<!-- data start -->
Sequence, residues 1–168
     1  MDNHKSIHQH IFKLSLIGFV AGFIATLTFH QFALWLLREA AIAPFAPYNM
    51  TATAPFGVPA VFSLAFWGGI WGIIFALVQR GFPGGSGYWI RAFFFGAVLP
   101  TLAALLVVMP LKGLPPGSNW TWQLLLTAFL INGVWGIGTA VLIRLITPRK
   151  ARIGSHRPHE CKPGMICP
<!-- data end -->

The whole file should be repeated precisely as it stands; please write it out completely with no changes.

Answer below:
Sequence, residues 1–168
     1  MDNHKSIHQH IFKLSLIGFV AGFIATLTFH QFALWLLREA AIAPFAPYNM
    51  TATAPFGVPA VFSLAFWGGI WGIIFALVQR GFPGGSGYWI RAFFFGAVLP
   101  TLAALLVVMP LKGLPPGSNW TWQLLLTAFL INGVWGIGTA VLIRLITPRK
   151  ARIGSHRPHE CKPGMICP